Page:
For seven years, I commuted 90 miles a day to my job in a Fortune 200 company. It was a great company, with great co-workers, and a really great salary to boot.
There was just one problem. I was miserable. But with a mortgage and a car payment…well, you know how it is.
Then July 31, 1993 I got the worst news of my life. That’s the day my mother died unexpectedly of a heart attack. She was only 61 and just five months shy of her much-awaited retirement.
Losing my mom was a sorrowful reminder that life really is too short to put off our dreams.
A few months later I took another job at a smaller company with half the commute. Within days it was clear I’d made the career equivalent of changing deck chairs on the Titanic.
I didn’t need a new job—I needed a new life!
I no longer wanted to follow someone else’s schedule, to play by someone else’s rules, to work that hard to achieve someone else’s goals. At the time though I still didn’t know what I wanted to “be” when I grew up.
What I did have, was a pretty good idea of the kind of life I wanted to be live. I knew I wanted to work for myself, to work at home, to go to bed and wake up when I wanted, and to have the flexibility to work from a lakeside cottage in New Hampshire…or on a tropical island.
I spent two years looking into career transition and discovered that I wanted to help people do it. That’s when I established my service, Changing Course. I took small steps like getting business cards printed, asking a co-worker to design my logo, and getting the software I needed to set up my website. Since 1995, I’ve worked with people of all ages, helping them to create new incomes from what they love doing.
What about you?
Maybe you’re ready to totally take the leap from having a boss to being your own boss. Or, perhaps you’re semi-retired or otherwise are looking for a way to make extra money without a j-o-b.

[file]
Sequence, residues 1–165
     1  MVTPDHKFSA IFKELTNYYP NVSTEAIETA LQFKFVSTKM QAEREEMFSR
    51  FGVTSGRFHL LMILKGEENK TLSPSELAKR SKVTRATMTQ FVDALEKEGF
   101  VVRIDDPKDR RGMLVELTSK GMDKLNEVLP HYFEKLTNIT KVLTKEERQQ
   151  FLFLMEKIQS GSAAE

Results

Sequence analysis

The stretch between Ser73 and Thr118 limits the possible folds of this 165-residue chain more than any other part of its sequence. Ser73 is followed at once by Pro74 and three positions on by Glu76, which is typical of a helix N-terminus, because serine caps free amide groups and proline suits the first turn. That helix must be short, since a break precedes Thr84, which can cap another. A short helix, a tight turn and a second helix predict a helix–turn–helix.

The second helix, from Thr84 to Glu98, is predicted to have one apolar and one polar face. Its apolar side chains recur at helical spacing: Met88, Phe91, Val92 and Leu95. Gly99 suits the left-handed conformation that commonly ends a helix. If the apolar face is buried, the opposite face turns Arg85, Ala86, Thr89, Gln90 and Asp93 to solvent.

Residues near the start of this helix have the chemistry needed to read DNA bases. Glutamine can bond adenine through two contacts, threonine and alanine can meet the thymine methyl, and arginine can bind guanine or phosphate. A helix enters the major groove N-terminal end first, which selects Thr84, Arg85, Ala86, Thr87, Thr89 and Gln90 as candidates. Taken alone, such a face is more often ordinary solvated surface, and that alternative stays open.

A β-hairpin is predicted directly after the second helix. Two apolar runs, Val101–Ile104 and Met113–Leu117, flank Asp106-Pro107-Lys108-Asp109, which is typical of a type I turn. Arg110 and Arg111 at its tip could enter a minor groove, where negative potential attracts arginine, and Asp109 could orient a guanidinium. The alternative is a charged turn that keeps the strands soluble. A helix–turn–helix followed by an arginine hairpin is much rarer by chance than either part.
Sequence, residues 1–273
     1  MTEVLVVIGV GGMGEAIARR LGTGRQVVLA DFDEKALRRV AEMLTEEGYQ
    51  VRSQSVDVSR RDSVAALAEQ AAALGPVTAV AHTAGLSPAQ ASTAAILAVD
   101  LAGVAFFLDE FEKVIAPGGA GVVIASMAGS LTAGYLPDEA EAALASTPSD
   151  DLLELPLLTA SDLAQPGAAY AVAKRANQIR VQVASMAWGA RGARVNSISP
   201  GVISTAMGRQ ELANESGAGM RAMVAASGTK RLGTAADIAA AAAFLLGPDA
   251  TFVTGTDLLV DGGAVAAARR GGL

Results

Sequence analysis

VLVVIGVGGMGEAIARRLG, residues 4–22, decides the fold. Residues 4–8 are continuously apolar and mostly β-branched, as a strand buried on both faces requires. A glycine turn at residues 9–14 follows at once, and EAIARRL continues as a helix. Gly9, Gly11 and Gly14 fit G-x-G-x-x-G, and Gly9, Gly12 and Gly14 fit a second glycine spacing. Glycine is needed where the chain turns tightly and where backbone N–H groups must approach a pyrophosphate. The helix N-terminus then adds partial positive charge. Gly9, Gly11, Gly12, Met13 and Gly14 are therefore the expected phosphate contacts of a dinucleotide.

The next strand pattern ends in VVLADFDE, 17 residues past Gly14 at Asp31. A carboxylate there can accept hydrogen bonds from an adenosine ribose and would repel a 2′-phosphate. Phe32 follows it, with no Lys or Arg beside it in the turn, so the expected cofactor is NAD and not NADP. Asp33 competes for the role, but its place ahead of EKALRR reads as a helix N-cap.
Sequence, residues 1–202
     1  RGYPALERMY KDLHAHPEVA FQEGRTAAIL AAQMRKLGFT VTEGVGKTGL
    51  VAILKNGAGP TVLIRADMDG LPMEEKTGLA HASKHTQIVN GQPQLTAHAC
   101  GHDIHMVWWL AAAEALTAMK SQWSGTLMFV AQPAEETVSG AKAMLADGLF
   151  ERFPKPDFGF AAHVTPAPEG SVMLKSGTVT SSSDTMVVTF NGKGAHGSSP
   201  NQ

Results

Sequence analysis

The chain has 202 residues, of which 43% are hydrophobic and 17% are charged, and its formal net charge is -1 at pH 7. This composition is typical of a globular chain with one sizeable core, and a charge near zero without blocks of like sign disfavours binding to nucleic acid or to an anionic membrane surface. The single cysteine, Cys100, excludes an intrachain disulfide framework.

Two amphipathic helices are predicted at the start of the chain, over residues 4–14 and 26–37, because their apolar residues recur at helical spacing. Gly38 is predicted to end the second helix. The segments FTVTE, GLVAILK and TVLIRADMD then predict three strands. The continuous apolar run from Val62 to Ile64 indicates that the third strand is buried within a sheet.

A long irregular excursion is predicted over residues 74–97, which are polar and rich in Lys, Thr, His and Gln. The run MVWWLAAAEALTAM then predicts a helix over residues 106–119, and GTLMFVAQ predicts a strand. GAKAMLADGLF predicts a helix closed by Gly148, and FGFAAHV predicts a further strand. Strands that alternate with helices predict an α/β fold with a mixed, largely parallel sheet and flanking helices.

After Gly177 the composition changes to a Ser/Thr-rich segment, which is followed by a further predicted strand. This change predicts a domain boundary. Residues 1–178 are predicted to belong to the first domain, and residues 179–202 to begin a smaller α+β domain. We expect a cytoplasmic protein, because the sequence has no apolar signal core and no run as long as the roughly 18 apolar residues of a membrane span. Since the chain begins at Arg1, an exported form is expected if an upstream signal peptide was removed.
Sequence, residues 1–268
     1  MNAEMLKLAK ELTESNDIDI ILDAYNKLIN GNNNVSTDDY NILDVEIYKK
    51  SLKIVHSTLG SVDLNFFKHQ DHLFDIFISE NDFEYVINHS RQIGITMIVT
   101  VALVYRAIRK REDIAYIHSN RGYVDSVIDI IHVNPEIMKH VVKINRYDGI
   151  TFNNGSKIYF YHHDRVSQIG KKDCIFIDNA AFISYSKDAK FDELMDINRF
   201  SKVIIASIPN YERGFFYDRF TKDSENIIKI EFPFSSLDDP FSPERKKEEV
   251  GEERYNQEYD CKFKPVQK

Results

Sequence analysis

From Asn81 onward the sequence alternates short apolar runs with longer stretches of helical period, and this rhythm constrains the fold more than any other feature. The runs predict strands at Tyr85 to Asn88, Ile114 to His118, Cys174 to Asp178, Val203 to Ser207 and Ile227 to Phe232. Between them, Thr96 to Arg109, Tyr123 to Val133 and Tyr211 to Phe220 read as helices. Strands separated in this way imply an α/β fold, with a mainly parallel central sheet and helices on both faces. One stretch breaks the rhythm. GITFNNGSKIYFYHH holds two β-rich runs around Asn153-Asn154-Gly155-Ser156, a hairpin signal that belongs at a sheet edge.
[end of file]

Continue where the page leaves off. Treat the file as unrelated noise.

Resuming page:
Either way you need to figure out what it is you love to do and then find a way to make money doing it. Here are three tips to get you started:
1. Set aside the work part of the work-life equitation and begin your quest instead with the question: “What do I want my life to look like?” That way once you start to generate work ideas in step 3 you can make sure they pass the all-important life test.
2. Make three lists; one of your gifts (things you love to do), one of your interests (for example, you may not have a “gift” for politics, but you may have a keen interest in current affairs), and one of the skills you enjoy using. On this last list keep in mind that just because you do something well doesn’t mean you love it. (I’m pretty good at typing and mowing the lawn but I’m not interested in turning either into my livelihood.)
3. Aristotle said, “Where your talents and the needs of the world meet, lies your calling.” After all someone has to pay you for all those passions you just identified! To find where your talents align with your future customer or client’s needs, return to the three lists you created in step 2. Then next to each item answer the question, “Who wants what I have?”
Whether your dream is to open a B&B or become a freelance writer or run tours to Costa Rica in the winter and work in your cozy shop in the South of France in the summer…you really can do work that pays the bills and feeds your soul. You just need to begin.
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